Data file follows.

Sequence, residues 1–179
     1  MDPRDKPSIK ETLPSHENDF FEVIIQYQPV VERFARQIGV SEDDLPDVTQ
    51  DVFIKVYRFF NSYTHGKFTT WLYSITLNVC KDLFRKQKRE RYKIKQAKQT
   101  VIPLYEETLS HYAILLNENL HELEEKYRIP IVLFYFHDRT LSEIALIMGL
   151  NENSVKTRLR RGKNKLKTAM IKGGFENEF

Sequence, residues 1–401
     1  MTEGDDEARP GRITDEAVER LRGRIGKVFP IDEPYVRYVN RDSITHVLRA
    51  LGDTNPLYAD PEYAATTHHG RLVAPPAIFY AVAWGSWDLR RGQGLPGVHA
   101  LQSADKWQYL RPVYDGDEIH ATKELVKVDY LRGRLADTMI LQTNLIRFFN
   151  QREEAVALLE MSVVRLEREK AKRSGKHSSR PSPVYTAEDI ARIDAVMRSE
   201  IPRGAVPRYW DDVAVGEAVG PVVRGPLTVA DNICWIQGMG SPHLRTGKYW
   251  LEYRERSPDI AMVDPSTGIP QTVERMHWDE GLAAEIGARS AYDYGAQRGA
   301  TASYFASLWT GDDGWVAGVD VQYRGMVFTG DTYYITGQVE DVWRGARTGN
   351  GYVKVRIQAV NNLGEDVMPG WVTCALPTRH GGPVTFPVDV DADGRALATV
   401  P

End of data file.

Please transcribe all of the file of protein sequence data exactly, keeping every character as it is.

Sequence, residues 1–179
     1  MDPRDKPSIK ETLPSHENDF FEVIIQYQPV VERFARQIGV SEDDLPDVTQ
    51  DVFIKVYRFF NSYTHGKFTT WLYSITLNVC KDLFRKQKRE RYKIKQAKQT
   101  VIPLYEETLS HYAILLNENL HELEEKYRIP IVLFYFHDRT LSEIALIMGL
   151  NENSVKTRLR RGKNKLKTAM IKGGFENEF

Sequence, residues 1–401
     1  MTEGDDEARP GRITDEAVER LRGRIGKVFP IDEPYVRYVN RDSITHVLRA
    51  LGDTNPLYAD PEYAATTHHG RLVAPPAIFY AVAWGSWDLR RGQGLPGVHA
   101  LQSADKWQYL RPVYDGDEIH ATKELVKVDY LRGRLADTMI LQTNLIRFFN
   151  QREEAVALLE MSVVRLEREK AKRSGKHSSR PSPVYTAEDI ARIDAVMRSE
   201  IPRGAVPRYW DDVAVGEAVG PVVRGPLTVA DNICWIQGMG SPHLRTGKYW
   251  LEYRERSPDI AMVDPSTGIP QTVERMHWDE GLAAEIGARS AYDYGAQRGA
   301  TASYFASLWT GDDGWVAGVD VQYRGMVFTG DTYYITGQVE DVWRGARTGN
   351  GYVKVRIQAV NNLGEDVMPG WVTCALPTRH GGPVTFPVDV DADGRALATV
   401  P